Russia will look up to Yelena Isinbayeva to recapture some of her old magic
History beckons. After Michael Phelps, it is the turn of Usain Bolt to seize the spotlight, as athletics opens at the Olympic Stadium on Friday.
Will the Jamaican do it yet again and join Carl Lewis as the only men to win back-back 100m titles in Olympics?
Compatriot Yohan Blake, ‘the Beast’ has put doubts in the minds of the world, but the Olympics is no national trials. Of course, Blake is the reigning world champion and many of the former stars have put their money on the man who beat the world record holder in Kingston in June.
The very best thrive on the big stage. With the setback in the last World Championship when a false start made a blot in his career, Bolt may be expected to be at his fiery best. He has got the green signal following a hamstring strain.
American Tyson Gay, looking for that elusive Olympic medal, served a warning to the Jamaican camp.
“They know what I can bring to the table. Regardless of anything, we are going to have eight men capable,” he said, suggesting a strong final, and that nobody can run away to the finish like Bolt had done last time.
“If the weather holds up and everyone is healthy,” he was quick to add.
The former world champion in the 100 and 200 metres, Gay said on Wednesday that it was important, “for the USA to get back on top. It is important to win and it is important for me to take some leadership.”
It will not be just Bolt and Blake for Jamaica, as Veronica Campbell-Brown will also look to add to the three gold medals from Beijing. She may join Evelyn Ashford, to win the same event in three Olympics, if she gets the 200m gold against the tough challenge that could be expected from American Allyson Felix.
“I am fully aware that I must keep my mental focus right and get my race together. Eventually it all comes down to execution,” said Veronica.
Defending 100m champion, Shelly-Ann Fraser-Pryce may have to battle it out against the second fastest woman of all time — Carmelita Jeter of the US — in the 100 metres.
There may be a new champion in the men’s 110m hurdles though Liu Xiang and Dayron Robles will be out there to show their class, as Aries Merritt of the US has emerged as the strongest contender for the title in recent times.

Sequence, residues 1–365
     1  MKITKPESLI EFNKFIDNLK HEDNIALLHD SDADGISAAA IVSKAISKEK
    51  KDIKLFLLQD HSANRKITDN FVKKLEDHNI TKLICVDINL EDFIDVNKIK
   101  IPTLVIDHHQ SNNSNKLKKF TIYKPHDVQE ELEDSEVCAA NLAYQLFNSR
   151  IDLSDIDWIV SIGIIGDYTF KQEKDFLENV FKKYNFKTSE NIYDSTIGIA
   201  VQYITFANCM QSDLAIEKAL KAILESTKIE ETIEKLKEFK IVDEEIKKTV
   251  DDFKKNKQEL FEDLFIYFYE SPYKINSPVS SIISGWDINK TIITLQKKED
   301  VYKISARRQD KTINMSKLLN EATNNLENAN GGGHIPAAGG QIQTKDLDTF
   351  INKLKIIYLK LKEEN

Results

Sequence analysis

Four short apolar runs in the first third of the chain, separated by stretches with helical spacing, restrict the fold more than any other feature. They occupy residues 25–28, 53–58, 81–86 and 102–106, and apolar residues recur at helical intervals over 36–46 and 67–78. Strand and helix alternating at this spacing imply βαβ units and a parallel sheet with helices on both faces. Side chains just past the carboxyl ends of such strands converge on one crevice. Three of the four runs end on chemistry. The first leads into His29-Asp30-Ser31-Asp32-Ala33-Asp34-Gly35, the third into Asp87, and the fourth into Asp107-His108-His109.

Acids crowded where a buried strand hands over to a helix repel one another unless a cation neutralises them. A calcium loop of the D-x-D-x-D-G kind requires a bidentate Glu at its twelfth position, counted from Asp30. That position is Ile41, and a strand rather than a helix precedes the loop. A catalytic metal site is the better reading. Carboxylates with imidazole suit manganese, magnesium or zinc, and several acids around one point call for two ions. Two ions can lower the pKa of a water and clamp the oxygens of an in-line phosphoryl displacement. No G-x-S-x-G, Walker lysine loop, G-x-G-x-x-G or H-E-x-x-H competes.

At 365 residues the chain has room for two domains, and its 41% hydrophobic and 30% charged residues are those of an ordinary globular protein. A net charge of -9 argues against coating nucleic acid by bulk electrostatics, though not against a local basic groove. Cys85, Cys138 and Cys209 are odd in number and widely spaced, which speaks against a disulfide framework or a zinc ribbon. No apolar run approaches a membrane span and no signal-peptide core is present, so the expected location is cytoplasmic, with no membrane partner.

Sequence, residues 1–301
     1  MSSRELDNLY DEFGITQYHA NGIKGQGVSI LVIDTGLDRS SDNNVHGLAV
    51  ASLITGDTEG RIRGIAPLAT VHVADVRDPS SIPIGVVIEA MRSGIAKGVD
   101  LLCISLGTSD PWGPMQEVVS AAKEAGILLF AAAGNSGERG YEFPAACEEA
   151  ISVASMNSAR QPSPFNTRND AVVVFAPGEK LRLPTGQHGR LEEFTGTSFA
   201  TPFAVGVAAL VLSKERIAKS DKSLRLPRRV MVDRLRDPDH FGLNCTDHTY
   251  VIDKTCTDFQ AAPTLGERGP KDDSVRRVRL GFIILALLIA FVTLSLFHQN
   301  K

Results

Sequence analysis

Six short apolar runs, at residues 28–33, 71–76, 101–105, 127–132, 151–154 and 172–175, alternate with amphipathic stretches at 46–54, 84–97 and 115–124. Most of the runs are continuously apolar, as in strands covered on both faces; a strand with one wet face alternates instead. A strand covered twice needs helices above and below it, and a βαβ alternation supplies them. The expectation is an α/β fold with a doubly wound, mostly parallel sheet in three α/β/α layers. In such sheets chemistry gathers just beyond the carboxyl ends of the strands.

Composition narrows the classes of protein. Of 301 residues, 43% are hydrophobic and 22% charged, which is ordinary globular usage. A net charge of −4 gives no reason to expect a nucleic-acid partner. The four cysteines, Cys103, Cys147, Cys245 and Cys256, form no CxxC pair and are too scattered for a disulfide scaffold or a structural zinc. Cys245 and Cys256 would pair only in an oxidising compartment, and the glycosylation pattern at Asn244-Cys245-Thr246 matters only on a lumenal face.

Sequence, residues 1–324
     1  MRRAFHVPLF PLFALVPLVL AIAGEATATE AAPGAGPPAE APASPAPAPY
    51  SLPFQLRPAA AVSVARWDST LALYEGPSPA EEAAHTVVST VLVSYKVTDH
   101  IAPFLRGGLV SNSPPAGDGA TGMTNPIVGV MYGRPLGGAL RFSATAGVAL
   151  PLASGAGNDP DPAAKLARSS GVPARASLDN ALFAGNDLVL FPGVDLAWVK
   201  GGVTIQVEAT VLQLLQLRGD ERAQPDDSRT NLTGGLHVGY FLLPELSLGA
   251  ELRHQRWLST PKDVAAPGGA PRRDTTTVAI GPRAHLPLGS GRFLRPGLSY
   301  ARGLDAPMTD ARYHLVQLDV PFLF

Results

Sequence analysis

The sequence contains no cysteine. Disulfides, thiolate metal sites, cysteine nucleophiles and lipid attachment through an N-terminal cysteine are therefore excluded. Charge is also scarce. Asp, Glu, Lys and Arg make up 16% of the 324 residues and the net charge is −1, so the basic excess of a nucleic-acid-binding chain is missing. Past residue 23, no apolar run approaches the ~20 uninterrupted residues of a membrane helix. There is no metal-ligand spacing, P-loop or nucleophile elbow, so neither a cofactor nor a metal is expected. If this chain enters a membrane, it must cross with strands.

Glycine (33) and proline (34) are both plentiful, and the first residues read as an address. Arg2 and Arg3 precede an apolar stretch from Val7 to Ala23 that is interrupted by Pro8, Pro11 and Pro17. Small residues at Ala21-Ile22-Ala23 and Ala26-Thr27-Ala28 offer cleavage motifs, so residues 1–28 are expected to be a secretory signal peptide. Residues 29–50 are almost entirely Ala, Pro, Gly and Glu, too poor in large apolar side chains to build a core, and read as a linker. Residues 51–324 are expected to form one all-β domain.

The host will look up to Christine Ohuruogu, the women’s defending 400m champion for a good start on Friday, as she fights for honours against the two world champions Sanya Richards-Ross and Amantle Montsho.
Mo Farah has been in focus through the build up to the Games, after having won the 5000m gold and 10,000m silver in the last World Championship. He will be keen to add to the collection of the gold medals for Britain.
And attention has been firmly placed on Jessica Ennis as well in heptathlon, and she may start on a better note with the 110m hurdles against world champion Tatyana Chernova of Russia and Olympic champion Natalia Dobrynska of Ukraine.
There will be interest in the women’s 1500m to see whether Ethiopia can win its first Olympic gold through Genzebe Dibaba or Abebe Aregawi.
Russia will look up to one of its finest athletes, Yelena Isinbayeva to recapture some of her old magic and add to her two gold medals in the Games, if not to her numerous world records in women’s pole vault. She did win the World Indoor championship with a jump of 5.01 but had finished sixth in the last World Championship.
Can Tatyana Lebedeva with two silver medals and a bronze from the Olympics at last get the gold in women’s triple jump? The 36-year-old Russian, who has a season best of 14.68m, will be up against world champion Olga Saladuha of Ukraine, who leads the season with 14.99 apart from Caterina Ibarguen of Columbia (14.95) and Kazakhstan’s Olga Rypakova (14.73), who are among the favourites.
Tirunesh Dibaba of Ethiopia will open her double gold defence with the first track final of the Games, in the 10,000 metres on Friday. It will be a warm up for her against the world champion Vivian Cheruiyot of Kenya.
The other final of the opening day of athletics will be men’s shot put, in which world champion David Storl of Germany will try to keep three Americans — Reese Hoffa, Christian Cantwell and Ryan Whiting — away from the top.